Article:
If my mother has power of attourney can I fight her for the estate of my grandparents, if I believe there is foulplay?

Asked over 2 years ago - Queen Creek, AZ

my grandparents passed away first my grandpa and a few months later my grandmother, a few days after my grandfathers death my my mother had my grandmother "who stayed severly doped up" sign over the house. she is a Bi polar maniac and I want her to stop squallering my gradparents money they worked so hard for. please help. they had 40k in the savings too and gave all the grandkids 1,000 i have not cashed mine she has it on the check "disprusement check"

Attorney answers (3)

  1. 7

    Lawyers agree

    1

    Answered . First, a power of attorney terminates immediately upon death.

    Second, if your mother is actually the executor, then you can challenge her appointment for cause. You will not be successful if the reason is not legitimate, or if you do not have facts and documents to back up the removal. If she is mishandling money, then this may be a viable reason for removing her as executor.

    You should contact a local probate attorney and go over exactly what is going on in great detail.

    Matthew Johnson phone# 206.747.0313 is licensed in the State of Washington and performs bankruptcy, short sale... more
  2. 6

    Lawyers agree

    Answered . I agree with the first answer.

    I just want to suggest that your mother may have been in line to inherit everything anyway eithor through the will or through intestate succession. Although there may have been wrongdoing, there may be no damages.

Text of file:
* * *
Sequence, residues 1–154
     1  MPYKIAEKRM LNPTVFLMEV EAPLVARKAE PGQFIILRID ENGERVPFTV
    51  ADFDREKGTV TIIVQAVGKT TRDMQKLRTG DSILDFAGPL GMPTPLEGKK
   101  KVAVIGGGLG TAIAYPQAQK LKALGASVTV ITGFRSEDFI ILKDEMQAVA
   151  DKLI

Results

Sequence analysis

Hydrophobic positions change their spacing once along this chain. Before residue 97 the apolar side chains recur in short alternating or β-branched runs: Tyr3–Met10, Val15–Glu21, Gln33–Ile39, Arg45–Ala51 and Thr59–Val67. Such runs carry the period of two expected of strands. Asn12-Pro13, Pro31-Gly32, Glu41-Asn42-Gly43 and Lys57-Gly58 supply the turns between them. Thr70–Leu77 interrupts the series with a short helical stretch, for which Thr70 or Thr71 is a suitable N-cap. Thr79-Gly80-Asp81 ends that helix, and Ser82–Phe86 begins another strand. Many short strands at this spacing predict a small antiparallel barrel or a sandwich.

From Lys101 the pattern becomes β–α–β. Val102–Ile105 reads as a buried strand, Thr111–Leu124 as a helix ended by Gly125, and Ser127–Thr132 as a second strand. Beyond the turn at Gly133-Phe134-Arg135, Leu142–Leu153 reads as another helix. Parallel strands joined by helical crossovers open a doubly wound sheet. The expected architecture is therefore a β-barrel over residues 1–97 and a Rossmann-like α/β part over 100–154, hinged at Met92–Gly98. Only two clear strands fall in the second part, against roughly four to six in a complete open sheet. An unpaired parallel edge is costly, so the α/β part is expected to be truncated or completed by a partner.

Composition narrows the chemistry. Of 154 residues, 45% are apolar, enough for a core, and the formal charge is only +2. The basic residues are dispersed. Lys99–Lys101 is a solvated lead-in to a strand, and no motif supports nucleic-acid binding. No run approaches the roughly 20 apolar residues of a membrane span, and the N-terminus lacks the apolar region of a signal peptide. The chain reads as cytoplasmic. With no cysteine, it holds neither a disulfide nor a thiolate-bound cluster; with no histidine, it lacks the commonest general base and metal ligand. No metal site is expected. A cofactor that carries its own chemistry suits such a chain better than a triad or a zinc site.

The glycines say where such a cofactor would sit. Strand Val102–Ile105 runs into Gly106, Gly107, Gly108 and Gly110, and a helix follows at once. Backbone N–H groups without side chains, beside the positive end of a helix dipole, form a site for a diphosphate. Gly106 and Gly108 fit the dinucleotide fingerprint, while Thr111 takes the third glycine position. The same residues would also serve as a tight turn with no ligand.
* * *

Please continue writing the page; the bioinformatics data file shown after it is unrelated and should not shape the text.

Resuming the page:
Best to talk with an attorney since it seems clear that matters are going sideways between your mother and yourself and you may not have a lot of leverage to have matters managed the way you would like. You could end up not improving the situation.

  3. 4

    Lawyers agree

    Answered . I agree with both of the prior answers and would add that you may have no standing to challenge your mother, because even if you won, you would not be in line to receive anything. If she is violating her fiduciary duties as executor, (assuming an estate is open and she is executor), then you can petition the court, if you are a beneficiary.

    Reading between some of the lines, it *sounds* like there is no estate and everything was simply in joint names with your mother and grandparents, (or she was named beneficiary of everything). If that is the case, you have no basis for challenging her or her actions. (In that case, I would cash your check and let the rest of it drop.) Otherwise, you might want to consult an attorney and see where you stand.

    James Frederick

    *** LEGAL DISCLAIMER I am licensed to practice law in the State of Michigan and have offices in Wayne and... more

Related Topics

Inheritance rights and estate planning

Inheritance rights refers to the rights most states give to a spouse (and in some cases, children or grandchildren) that prevent you from disinheriting them.

Estate planning and power of attorney

A power of attorney is a legal document giving another person the right to act on your behalf in various situations, within the limits set out by the document.

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